Translation: If you have the misfortune of being born poor and black in North Carolina, you're more likely to arrive in this world underweight and undernourished, on top of being underprivileged. Polluted air only makes your situation worse.


The study, published in the January 2014 Journal of Environmental Health, covered women who gave birth between 2002 and 2006 across the entire state. It was built upon a catalog of previous surveys that have found "significant and persistent racial and socioeconomic" disparities for poor birth outcomes like infant mortality, low birth weight, and premature births. Throw air pollution into the mix--particulate matter and ozone, which the EPA researchers measured in the study--and the disparities deepen.


The Biomass Monitor is the nation's leading publication tracking the health and environmental impacts of bioenergy. We are accepting submissions at thebiomassmonitor AT


Josh Schlossberg, Mike Ewall, and Samantha Chirillo

Editors, The Biomass Monitor

Back issues and blog:





- by Josh Schlossberg, Editor

First, the good news:  People might start waking up to the fact that biomass energy pollutes every bit as much as dirty fossil fuels. Now, the bad news: That's because the U.S. Environmental Protection Agency (EPA) has basically given a green light to a potentially massive onslaught of biomass incineration, thanks to the agency's political and unscientific refusal to properly account for the carbon dioxide emitted from facility smokestacks.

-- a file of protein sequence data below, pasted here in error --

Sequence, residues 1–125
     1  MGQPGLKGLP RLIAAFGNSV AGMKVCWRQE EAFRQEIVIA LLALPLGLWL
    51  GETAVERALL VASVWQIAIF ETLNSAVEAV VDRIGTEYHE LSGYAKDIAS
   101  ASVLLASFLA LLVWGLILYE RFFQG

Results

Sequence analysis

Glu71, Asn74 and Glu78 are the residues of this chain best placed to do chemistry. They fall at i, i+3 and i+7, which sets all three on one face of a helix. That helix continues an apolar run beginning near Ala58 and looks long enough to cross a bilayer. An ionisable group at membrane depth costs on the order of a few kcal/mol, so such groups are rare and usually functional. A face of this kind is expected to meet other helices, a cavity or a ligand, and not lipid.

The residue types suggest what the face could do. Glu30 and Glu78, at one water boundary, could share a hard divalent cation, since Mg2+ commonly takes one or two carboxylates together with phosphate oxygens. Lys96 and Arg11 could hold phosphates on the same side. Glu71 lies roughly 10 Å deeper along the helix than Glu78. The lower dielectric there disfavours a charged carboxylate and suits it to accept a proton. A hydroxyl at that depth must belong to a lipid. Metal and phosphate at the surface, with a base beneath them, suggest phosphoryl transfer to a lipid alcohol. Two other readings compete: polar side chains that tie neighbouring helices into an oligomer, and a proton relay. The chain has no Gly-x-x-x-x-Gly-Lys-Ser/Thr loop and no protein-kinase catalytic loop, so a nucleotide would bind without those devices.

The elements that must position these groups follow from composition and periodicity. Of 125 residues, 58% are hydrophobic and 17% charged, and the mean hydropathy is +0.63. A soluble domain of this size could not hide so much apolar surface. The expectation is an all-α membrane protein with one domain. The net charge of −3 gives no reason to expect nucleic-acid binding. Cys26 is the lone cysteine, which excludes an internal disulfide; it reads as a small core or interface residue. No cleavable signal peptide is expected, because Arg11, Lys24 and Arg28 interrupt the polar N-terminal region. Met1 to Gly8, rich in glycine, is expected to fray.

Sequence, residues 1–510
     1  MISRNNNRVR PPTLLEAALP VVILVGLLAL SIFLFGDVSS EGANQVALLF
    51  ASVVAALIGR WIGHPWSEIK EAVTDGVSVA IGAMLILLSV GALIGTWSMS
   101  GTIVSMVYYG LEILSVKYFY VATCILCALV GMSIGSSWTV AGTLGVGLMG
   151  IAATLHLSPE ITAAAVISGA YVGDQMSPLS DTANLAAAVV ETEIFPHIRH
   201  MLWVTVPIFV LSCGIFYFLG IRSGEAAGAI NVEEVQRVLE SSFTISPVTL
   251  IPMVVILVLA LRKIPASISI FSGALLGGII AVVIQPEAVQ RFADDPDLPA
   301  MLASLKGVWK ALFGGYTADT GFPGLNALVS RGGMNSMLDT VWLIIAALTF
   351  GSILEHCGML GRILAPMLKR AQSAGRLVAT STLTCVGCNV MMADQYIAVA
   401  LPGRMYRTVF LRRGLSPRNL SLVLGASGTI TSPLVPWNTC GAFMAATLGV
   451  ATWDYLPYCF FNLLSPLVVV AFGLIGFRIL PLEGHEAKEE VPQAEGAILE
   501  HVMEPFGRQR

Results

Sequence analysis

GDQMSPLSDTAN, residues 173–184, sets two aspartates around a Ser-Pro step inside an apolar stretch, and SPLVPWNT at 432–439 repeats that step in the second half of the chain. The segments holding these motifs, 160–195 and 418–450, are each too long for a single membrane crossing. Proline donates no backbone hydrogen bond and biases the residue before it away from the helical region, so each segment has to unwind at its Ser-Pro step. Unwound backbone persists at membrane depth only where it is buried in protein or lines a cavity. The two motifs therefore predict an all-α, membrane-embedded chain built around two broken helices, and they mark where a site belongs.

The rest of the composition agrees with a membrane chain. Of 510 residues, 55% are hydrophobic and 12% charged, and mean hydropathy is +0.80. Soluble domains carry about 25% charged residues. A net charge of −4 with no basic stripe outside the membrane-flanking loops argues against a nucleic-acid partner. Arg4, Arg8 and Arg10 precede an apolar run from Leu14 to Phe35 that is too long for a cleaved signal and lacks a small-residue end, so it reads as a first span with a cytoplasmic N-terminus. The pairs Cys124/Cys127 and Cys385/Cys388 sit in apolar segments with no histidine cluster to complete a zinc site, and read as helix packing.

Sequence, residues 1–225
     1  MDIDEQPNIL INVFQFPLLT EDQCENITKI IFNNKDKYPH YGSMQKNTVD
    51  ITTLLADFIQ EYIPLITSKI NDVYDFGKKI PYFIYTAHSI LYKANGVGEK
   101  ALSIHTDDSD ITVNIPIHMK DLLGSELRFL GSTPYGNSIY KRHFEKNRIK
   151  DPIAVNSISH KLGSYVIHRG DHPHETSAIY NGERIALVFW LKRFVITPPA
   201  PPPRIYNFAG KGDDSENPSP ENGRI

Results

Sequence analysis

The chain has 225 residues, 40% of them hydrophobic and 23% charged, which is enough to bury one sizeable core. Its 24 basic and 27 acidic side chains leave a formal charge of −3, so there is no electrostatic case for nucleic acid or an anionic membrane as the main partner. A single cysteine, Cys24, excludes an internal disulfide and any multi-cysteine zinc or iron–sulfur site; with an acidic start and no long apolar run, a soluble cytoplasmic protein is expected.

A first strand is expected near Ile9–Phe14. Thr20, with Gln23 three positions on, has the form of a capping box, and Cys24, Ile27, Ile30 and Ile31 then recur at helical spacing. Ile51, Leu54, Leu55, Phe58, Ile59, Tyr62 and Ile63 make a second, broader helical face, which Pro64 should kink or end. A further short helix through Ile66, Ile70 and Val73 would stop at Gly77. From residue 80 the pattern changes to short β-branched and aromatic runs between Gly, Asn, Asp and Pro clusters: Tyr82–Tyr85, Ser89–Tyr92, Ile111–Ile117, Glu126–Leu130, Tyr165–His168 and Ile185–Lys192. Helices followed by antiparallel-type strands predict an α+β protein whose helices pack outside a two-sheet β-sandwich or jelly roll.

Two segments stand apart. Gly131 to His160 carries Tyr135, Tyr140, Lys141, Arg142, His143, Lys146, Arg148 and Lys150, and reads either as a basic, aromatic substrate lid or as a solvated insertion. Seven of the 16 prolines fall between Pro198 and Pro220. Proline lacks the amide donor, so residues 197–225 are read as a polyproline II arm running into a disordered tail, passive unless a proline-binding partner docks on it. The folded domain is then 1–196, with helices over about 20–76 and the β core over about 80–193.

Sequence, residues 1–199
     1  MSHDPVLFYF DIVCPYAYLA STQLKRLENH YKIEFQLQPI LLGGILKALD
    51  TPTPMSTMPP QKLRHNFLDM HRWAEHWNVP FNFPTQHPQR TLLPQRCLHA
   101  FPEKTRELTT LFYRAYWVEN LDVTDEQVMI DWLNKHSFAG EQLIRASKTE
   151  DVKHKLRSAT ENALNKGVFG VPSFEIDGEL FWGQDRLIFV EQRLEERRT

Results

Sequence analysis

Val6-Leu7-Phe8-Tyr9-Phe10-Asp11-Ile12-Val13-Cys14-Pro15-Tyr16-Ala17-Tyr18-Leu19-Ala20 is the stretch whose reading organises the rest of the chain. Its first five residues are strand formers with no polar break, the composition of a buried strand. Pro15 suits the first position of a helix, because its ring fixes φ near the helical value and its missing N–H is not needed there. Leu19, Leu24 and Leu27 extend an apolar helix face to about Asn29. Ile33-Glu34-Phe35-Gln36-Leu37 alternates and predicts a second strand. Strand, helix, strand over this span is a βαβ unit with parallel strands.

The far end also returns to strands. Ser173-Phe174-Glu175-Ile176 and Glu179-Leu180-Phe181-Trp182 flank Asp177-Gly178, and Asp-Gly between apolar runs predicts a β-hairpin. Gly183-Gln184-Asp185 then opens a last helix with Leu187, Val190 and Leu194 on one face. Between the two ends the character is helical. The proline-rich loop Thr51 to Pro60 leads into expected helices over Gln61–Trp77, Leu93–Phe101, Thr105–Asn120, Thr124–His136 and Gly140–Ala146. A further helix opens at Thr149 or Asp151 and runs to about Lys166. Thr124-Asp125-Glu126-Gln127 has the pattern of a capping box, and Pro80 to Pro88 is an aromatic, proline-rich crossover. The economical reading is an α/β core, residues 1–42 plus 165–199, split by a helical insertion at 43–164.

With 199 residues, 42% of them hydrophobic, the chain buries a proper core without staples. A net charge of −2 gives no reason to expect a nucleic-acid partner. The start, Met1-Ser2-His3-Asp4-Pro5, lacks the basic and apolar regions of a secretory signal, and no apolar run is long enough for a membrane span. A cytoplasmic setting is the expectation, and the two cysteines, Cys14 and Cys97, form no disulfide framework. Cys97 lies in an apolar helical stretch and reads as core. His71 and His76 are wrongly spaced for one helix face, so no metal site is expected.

There's a disconnect in American politics where our leaders simultaneously claim to value health--even acknowledging the economic impacts of illness--while continuing to push forward disease-causing dirty energy proposals.

In the December issue of The Biomass Monitor, we remind people that as ObamaCare results in increased health coverage for Americans, the administration's push for dirty bioenergy has condemned more children, more people of color, and more of the elderly to cancer and lung disease from the particulate matter, volatile organic compounds, and other toxic pollutants emitted from the smokestacks of  biomass incinerators.



Top 10 Biomass Stories in the News

Follow The Biomass Monitor on Facebook and Twitter for breaking biomass news.

Commissioners Scrap Frederick, MD Incinerator Plan

2. Tree, Tire and Gas-Burning Incinerator Proposed for Michigan's Upper Peninsula

3. Biofuel Company Files for Bankruptcy

4. 50-Megawatt Biomass Incinerator Completed in Woodville, Texas

5. Indiana Ethanol Facility Fined $9,600 for Clean Air Act Violations

6. Bioenergy Corporation to Cut and Burn Public Forests in Washington

7. Tanker Truck Collapses, Spills Ethanol in Kenilworth, NJ

8. Biomass Energy Drives Wood Shortage in Nova Scotia

9. UMaine to Study "Trashanol" Effect in Maine 

10. Bioenergy Pipelines?

Please Donate
to   The Biomass Monitor

The Biomass Monitor is one-stop-shopping for keeping up to date on the latest facility proposals, grassroots community resistance, helpful scientific studies, and media stories, providing exclusive, investigative reporting on nearly every aspect of biomass energy.

If you're concerned about the proliferation of bioenergy and dismayed by the lack of public awareness on the topic, consider making a one time, tax-deductible donation of $10-$100 to The Biomass Monitor, so we can continue to report on the health and environmental impacts of this controversial energy source.